The other meeting was a Disability Town Hall, coordinated by the powerful Small Business Association of Michigan (SBAM). The moderator was Brian Calley, former Lieutenant Governor and Republican Governor candidate. The panel described how they extended their services in context of corona. At times it felt a bit Trumpian. They absolutely are doing good things for disabled, including children. It would have helped to show an example. I have my own important disability questions. So it bothered me that the SBAM solicited questions ahead of time, but only one was addressed. 

Whitmer in zoom meetingsGovernor Gretchen Whitmer came in for the last half of the SBAM meeting.

The dialogue leaned a bit toward bi-partisan exploring and political posturing, not necessarily her fault. Governor Whitmer has readily admitted she has her hands full.

The Governor started with remarks about her newest executive order, which calls for all patients to have equitable access to healthcare resources and services from state-owned operations. Mark McWilliams, of Michigan Protection and Advocacy Services, seemed relatively progressive. He asked the Governor how the new order might be applied to the racial disparity which is now in sharp focus, manifested in deaths suffered by Blacks in Detroit.

She said the R Word

Governor Whitmer said there is a racial component in Michigan that is becoming known as real. She referenced her State-of-the-State message calling out Black pregnancies as three times more dangerous. Racism is not specifically called out in the new order, but it did say there is to be no implicit bias or associated healthcare provisioning. She said that, once out of the crisis, it should be on the policy agenda. She said we want to be “tackling long time issues that have been a reality, but haven’t been seen as sharply as we see right now”.

So, the Harsh Reality

The Governor also said that,” if we can’t learn now based on what we’re seeing, then we haven’t achieved our potential”. The Black people whose families are being decimated might agree. But they would definitively, in the face of death, say they need meaningful action now, specific to their cultural needs.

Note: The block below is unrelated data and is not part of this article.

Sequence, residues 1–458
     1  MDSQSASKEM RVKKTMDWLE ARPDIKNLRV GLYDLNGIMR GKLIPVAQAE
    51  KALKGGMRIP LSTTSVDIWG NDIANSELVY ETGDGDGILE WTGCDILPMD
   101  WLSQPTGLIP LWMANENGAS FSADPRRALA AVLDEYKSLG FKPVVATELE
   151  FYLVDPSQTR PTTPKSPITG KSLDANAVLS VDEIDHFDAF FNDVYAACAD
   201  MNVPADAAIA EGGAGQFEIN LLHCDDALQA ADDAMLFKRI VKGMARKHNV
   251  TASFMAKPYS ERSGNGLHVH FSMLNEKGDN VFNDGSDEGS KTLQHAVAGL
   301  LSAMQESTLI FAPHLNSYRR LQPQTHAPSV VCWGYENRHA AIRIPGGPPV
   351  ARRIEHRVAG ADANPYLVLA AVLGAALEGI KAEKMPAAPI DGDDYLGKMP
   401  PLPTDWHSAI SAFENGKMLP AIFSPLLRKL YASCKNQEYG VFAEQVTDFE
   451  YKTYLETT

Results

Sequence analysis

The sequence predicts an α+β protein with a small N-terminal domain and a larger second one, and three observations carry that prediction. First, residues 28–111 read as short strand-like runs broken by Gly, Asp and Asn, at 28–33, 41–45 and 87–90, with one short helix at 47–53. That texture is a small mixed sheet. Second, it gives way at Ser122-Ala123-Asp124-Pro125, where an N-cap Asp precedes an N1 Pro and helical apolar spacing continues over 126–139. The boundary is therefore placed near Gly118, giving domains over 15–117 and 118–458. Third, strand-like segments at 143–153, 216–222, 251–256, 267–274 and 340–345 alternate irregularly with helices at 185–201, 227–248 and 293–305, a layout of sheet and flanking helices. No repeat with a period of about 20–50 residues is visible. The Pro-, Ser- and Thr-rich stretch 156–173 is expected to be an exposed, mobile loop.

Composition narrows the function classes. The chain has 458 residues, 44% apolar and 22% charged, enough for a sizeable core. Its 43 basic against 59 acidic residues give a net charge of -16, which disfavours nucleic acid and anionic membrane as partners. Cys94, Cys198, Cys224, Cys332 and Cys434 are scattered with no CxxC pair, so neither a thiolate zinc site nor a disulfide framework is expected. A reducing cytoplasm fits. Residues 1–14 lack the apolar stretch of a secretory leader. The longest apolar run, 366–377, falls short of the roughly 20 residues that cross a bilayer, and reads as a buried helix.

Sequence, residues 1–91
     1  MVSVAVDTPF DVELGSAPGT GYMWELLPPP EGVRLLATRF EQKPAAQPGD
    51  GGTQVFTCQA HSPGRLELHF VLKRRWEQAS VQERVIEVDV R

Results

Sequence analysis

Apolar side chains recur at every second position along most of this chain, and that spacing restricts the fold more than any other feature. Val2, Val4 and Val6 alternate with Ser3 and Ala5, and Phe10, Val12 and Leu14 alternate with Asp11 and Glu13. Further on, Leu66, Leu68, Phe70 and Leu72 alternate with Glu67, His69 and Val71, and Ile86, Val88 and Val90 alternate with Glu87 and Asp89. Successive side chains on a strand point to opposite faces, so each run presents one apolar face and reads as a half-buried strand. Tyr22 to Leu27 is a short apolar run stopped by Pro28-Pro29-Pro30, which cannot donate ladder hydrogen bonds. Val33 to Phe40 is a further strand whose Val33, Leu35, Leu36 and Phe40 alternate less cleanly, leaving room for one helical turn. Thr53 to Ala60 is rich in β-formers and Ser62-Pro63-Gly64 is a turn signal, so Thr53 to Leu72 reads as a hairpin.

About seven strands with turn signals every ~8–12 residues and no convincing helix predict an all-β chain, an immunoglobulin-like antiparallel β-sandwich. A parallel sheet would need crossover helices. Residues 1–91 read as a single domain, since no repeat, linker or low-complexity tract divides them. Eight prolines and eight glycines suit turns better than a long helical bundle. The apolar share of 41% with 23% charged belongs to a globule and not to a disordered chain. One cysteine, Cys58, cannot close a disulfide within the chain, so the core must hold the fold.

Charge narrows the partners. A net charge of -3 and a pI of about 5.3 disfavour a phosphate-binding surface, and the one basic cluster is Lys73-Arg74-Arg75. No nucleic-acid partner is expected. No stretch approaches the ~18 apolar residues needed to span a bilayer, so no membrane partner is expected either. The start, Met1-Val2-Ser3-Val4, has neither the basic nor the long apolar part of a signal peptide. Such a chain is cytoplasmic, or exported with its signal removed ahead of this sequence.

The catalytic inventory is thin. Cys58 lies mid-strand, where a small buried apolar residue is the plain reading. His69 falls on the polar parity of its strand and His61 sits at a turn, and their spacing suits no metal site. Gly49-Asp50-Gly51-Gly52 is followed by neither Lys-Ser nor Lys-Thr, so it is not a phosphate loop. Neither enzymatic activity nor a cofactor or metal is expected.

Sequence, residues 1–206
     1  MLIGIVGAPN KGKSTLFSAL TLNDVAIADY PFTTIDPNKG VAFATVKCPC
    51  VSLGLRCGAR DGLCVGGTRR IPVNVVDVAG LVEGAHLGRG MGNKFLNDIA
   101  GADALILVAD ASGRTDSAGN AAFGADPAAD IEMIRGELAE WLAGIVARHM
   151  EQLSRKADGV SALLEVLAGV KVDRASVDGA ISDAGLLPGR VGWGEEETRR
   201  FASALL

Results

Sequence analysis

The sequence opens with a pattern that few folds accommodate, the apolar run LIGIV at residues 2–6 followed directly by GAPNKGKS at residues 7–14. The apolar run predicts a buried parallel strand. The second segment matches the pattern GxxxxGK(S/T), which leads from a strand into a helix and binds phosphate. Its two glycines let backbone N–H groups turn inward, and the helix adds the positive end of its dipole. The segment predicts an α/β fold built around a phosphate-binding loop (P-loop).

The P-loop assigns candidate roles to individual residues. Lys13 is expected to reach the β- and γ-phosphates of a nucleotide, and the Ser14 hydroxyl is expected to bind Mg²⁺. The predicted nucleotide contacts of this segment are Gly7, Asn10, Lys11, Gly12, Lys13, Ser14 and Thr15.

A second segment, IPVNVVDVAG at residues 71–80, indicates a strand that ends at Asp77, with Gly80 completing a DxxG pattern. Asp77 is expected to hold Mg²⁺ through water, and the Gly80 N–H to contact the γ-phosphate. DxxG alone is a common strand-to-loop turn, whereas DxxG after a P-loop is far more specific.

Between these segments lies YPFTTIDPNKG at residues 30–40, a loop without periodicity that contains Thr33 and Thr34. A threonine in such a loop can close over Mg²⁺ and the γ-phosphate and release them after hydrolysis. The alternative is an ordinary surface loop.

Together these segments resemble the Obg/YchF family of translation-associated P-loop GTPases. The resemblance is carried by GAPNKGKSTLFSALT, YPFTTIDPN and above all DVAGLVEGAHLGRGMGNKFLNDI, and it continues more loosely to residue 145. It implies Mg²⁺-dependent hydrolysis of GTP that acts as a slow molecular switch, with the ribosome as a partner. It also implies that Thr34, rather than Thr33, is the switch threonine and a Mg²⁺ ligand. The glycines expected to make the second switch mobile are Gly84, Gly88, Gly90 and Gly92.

As the Governor pointed out, the order doesn’t really change anything, and peoples’ behavior is the key. Since there is latitude in such orders, and people might or might not follow them, should racism have been called out in the order?  Could the state not be put on notice that there is a race problem – or is the fear and hatred so dense that it can not even be mentioned?

Sorry, Blacks have never made the cut. So, when the pandemic is over, funds will be tighter and everybody will be lined up to fight for theirs. It can’t be another someday that never comes. The resolve that Blacks show is a remarkable display of strength and courage. They want to live. God is with them, by the way.

Task forces, studies, actions, and oversight that does not include real participation from the affected Black community is proven ineffectual.  Anything less is an expensive joke.

The Black people of Detroit need testing and treatment commensurate with their beleaguered socio-economic condition. If Black lives matter, what’s in the way of action, at least starting? This is not something Blacks brought upon themselves. It is a function of long-term racism.